Sir Arthur Eddington is a renowned physicist at Cambridge University and an expert in the measurement of the physical world. He along with all of his colleagues are also avowed Newtonians. Sir Oliver Lodge suggests that he read a new thesis put forward by a German-Swiss scientist named Albert Einstein who is suggesting that Sir Isaac Newton may have got it wrong. The expectation is that Einstein's theories will be disproven but Eddington admits that his General Theory of Relativity has merit. These are turbulent times as England and Germany are at war and Eddington's own loyalty is called into question when, as a Quaker, he refuses to fight. In the end, Eddington develops a series of tests to either prove or disprove Einstein's theories. For his part, Einstein has his own struggles during this period: the breakdown of his marriage, his integration into the university in Berlin and his own strident pacifism that led him to oppose German militarism and the First World War. In the end, ... Written by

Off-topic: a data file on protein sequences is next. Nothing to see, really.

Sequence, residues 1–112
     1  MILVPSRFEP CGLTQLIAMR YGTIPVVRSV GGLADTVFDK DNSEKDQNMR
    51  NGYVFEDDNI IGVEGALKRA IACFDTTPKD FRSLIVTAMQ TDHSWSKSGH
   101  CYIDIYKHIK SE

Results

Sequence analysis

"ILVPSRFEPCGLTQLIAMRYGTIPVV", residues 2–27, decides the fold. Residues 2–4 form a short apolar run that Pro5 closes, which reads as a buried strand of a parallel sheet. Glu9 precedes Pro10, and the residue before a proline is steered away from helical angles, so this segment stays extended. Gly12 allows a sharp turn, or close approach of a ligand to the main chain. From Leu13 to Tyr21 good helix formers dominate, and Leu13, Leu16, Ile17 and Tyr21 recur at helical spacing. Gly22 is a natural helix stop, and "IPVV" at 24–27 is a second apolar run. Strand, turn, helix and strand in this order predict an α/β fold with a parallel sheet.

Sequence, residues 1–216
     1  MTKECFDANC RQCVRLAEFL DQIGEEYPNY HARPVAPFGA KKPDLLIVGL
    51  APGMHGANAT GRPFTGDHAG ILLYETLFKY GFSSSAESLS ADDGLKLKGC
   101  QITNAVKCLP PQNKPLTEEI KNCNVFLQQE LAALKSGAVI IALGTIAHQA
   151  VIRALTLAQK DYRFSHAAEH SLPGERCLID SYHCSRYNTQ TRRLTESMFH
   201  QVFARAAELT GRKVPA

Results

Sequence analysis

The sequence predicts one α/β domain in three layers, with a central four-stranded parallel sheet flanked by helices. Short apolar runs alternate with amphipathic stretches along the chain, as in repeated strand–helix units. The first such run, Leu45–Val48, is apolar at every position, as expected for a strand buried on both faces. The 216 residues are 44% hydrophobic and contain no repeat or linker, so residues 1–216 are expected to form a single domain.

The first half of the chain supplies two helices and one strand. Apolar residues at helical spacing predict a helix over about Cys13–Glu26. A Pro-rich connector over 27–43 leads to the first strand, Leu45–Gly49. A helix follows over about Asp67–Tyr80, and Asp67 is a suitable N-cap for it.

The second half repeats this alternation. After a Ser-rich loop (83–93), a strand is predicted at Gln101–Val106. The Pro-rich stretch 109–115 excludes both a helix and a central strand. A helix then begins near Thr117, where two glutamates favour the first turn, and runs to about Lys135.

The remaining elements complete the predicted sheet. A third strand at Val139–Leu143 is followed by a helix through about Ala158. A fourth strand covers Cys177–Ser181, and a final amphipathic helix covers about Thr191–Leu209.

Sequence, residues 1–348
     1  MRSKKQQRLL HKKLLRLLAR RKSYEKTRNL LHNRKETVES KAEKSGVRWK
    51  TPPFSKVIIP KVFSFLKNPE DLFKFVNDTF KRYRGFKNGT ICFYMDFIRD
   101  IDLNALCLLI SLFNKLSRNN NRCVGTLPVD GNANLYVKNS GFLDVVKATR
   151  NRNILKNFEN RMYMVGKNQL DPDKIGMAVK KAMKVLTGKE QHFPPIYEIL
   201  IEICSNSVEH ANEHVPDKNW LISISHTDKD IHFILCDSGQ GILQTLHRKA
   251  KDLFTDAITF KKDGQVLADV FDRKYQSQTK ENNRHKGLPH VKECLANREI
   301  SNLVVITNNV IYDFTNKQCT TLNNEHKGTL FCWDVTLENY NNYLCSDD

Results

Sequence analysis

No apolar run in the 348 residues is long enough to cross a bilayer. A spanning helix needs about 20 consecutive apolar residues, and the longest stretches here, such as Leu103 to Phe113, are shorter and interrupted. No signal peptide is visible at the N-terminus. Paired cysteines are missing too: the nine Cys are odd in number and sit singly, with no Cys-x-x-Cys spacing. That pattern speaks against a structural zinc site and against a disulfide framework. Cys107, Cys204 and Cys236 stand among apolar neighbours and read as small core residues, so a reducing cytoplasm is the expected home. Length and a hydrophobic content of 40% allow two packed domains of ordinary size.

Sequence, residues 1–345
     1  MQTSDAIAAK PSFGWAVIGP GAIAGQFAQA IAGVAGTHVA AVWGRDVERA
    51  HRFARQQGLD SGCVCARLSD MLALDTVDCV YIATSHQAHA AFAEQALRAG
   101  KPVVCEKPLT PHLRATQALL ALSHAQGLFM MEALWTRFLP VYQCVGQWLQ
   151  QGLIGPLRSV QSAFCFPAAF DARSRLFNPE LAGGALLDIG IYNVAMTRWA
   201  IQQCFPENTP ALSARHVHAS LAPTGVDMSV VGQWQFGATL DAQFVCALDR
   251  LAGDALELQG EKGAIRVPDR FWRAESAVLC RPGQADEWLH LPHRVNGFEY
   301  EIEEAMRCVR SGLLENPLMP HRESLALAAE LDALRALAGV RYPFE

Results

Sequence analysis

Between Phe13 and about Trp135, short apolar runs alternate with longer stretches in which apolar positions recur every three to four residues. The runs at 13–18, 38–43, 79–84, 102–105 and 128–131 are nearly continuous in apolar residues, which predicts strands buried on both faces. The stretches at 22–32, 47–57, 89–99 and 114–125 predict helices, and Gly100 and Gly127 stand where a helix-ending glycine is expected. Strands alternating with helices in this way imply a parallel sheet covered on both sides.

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During the partial phase of the eclipse of the Sun, the entire outline of the Moon was visible. This does not happen in reality. See more
If the cloud breaks quarter past two tomorrow, we look up into the heavens, take photographs of the eclipse, we will be scientists at our work. We'll be looking at the poetry of existence. And if Einstein's right, the Universe will never look the same again.